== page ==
Welcome to Hutch Post’s new feature series "A Day in the Life." We've gone behind the scenes to see what "a day in the life" is like for some of Reno County's busiest shops, factories and businesses. We'll show the inner workings of facilities you may pass every day, to finally see what goes on inside. From boilers to donuts, join us as we learn how things are designed and produced right here in Reno County with "A Day in the Life." This series will be posted every other Sunday morning.
This is a special edition of A Day in the Life. With the start of the school year and recent events involving shootings at schools, we thought this would be a chance for you to see, and know, that local law enforcement is working to help protect students if such an event occurred. While it is unfortunate that such training is necessary, we wanted you to see what is being done in Hutchinson and Reno County to keep schools safe. This edition does contain video of law enforcement using live rounds with soft bullets to simulate real-life situations. Please note this is a real simulation and the video does contain simulated victims and real-life situations, some of which are graphic. Parts of the exercise are being left out intentionally to avoid disclosing tactical information that keeps officers safe.
By ROD ZOOK
HUTCHINSON, Kan. — Area law enforcement, Reno County EMS and Hutchinson Fire take time each year to conduct active shooter training in area schools. The exercise, done each year at various locations, helps officers prepare for such an event by putting them through various scenarios. The Hutchinson Fire Department was brought in to help train them on responding to numerous injuries and to triage such events.
The training starts out with a briefing for all personnel. At that briefing, all parties talk about how to respond to an active shooter, what the appropriate techniques are going to be, how to set up a triage area for injuries, and how victims can be rescued and removed from the building. The goal is to have a full picture of what will take pace if such a situation arises.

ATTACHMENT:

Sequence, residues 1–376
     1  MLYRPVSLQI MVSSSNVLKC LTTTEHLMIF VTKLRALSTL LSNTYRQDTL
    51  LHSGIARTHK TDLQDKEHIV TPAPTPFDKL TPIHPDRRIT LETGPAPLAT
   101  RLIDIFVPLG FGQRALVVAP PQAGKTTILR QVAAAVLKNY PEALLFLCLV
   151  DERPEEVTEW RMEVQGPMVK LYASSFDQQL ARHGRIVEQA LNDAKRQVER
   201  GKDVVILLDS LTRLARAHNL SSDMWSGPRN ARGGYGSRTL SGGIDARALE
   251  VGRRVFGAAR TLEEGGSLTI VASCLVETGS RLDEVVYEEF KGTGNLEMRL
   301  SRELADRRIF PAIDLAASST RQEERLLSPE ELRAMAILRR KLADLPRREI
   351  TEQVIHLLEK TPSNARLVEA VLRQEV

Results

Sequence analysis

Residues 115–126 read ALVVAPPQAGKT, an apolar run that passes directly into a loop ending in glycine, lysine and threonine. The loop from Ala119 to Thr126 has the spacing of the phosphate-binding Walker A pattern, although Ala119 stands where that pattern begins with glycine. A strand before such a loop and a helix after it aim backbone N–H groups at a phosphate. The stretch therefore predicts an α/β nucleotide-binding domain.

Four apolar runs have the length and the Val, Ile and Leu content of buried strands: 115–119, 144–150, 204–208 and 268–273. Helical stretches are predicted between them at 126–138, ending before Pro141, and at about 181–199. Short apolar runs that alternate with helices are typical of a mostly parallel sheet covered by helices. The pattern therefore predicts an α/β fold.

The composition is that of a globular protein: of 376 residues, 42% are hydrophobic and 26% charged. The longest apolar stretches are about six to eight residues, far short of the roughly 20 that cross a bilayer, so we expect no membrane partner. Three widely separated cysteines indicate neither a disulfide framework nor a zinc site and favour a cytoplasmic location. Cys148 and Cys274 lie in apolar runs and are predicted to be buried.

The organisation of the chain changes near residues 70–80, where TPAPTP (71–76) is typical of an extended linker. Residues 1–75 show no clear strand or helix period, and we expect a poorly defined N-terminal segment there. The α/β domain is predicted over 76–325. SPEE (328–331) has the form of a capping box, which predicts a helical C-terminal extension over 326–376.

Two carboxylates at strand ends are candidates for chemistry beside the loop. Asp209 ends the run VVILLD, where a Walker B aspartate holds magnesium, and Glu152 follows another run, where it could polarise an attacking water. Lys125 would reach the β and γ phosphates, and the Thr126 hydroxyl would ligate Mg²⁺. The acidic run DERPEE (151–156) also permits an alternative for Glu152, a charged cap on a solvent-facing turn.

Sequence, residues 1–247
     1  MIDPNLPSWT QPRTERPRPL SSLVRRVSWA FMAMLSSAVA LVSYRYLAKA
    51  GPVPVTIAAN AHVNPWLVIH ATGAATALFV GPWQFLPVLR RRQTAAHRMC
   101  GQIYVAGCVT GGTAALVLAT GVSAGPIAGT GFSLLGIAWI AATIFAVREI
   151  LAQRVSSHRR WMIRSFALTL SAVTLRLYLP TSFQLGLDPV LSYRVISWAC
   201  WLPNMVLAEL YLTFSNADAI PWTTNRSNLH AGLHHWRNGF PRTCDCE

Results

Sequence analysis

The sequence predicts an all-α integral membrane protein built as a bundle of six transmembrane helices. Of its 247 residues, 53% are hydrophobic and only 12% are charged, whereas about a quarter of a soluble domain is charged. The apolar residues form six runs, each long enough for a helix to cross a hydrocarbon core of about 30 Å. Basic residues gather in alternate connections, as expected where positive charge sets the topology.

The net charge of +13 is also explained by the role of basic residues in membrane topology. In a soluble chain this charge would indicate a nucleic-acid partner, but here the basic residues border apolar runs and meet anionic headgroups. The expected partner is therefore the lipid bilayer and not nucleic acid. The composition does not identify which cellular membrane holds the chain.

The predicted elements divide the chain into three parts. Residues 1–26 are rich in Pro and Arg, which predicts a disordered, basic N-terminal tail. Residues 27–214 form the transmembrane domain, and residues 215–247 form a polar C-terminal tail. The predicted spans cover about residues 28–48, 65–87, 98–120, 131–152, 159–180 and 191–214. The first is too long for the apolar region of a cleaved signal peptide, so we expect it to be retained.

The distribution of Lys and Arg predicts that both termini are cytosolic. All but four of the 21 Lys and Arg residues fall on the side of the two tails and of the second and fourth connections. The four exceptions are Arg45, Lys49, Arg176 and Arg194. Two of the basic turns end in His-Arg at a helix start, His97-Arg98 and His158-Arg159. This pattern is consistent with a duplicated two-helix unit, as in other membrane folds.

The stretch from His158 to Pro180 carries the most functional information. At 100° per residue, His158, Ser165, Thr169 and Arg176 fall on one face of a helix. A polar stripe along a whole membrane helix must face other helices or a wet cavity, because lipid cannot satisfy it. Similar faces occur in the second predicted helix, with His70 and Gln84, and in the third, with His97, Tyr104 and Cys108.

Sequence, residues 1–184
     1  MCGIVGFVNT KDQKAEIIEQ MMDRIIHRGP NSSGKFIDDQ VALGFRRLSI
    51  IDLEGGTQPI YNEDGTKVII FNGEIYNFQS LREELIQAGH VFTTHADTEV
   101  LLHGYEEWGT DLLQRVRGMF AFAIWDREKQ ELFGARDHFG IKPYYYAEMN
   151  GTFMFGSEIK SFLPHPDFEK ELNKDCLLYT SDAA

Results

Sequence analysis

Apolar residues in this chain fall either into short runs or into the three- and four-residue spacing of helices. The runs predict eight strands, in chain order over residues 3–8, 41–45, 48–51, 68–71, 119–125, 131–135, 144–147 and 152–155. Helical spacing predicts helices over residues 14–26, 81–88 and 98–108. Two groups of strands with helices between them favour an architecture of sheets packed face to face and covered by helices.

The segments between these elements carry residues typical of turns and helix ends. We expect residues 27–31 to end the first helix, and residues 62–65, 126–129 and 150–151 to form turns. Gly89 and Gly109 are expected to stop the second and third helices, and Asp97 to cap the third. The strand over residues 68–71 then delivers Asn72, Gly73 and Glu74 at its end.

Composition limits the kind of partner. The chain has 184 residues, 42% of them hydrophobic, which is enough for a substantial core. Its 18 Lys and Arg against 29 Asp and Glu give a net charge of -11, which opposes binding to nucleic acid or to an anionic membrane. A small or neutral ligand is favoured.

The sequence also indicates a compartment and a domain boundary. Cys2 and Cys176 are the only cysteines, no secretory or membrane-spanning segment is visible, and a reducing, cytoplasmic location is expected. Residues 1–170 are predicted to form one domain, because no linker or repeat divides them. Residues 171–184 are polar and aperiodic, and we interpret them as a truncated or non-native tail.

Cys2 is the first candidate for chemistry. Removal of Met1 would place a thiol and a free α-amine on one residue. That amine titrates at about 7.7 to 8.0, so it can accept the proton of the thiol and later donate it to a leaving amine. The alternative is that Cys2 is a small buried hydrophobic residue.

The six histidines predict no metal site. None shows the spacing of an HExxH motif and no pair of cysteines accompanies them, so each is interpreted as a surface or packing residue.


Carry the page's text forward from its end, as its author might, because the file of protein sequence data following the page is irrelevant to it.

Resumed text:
After that briefing, the individual units go into a breakout session to discuss their specific component of the exercise. For law enforcement, that includes single and team movement drills. Changes in how law enforcement reacts to active shooter situations has led law enforcement to evolve into a single-man response to an active shooter. That change came about from the shooting at Excel Industries in Hesston.
Hutchinson Police Chief Jeff Hooper says law enforcement used to wait and call in a SWAT team or form a multi-officer pattern before entering a building. Now, any officer, even if it’s just one, will enter the building and, if possible, diffuse the situation. It's a change brought on by the need to stop the shooter as quickly as possible. Simulated ammunition is used in the training.
As law enforcement works to secure areas of the building, the fire department works on extraction of victims. Law enforcement will walk around such injuries in an effort to get to the shooter as quickly as possible, but still make sure the fire department can extract a victim safely. It is a delicate balance of moving quickly, but ensuring that everyone is secured.
The action taken by law enforcement can change moment-to-moment if actual gunfire is taking place or begins. Once shooting starts, officers know there is a particular threat in that area and will move as quickly as possible.
The exercise also goes over how to deal with what are, understandably, upset parents or guardians of students. Chief Hooper wanted to stress that he can surely understand how parents would react to such a situation. He stresses that parents or guardians should not try to rescue their children. With the high-charged situation going on, it is likely that a parent in the building could be mistaken for a suspect and not a victim. The practice is for parents or guardians to gather at a designated rally point so they and their children can be accounted.
While this exercise was all about the schools, law enforcement will also provide such training and situational awareness to any business, church or manufacturer that wants it. Hooper wanted to stress that they are doing everything they can to keep schools safe from any type of threat.
We would like to offer our sincere thanks to the Hutchinson Police Department, the Reno County Sheriff's Department, EMS and Hutchinson Fire for letting us be a part of this exercise. We hope you can see this edition of A Day in the Life as informative in knowing that law enforcement is training for such situations.
If your business would like to be a part of A Day in the Life, just contact Rod Zook at 620-259-7396 or email him at [email protected].